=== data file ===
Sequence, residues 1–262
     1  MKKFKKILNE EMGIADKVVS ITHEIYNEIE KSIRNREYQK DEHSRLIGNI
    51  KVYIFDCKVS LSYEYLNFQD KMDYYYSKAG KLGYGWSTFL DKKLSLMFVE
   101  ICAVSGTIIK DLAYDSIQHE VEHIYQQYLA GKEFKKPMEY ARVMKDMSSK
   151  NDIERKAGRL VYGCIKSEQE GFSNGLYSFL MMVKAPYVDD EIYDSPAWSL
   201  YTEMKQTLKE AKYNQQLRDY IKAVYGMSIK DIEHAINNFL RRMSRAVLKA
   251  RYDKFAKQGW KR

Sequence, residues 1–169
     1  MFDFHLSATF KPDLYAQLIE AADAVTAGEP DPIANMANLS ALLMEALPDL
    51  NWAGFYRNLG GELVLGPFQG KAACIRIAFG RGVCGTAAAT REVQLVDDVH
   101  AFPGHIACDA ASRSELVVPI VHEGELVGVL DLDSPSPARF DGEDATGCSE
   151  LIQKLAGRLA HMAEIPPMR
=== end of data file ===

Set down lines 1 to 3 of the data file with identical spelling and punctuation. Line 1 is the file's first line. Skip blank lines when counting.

Sequence, residues 1–262
     1  MKKFKKILNE EMGIADKVVS ITHEIYNEIE KSIRNREYQK DEHSRLIGNI
    51  KVYIFDCKVS LSYEYLNFQD KMDYYYSKAG KLGYGWSTFL DKKLSLMFVE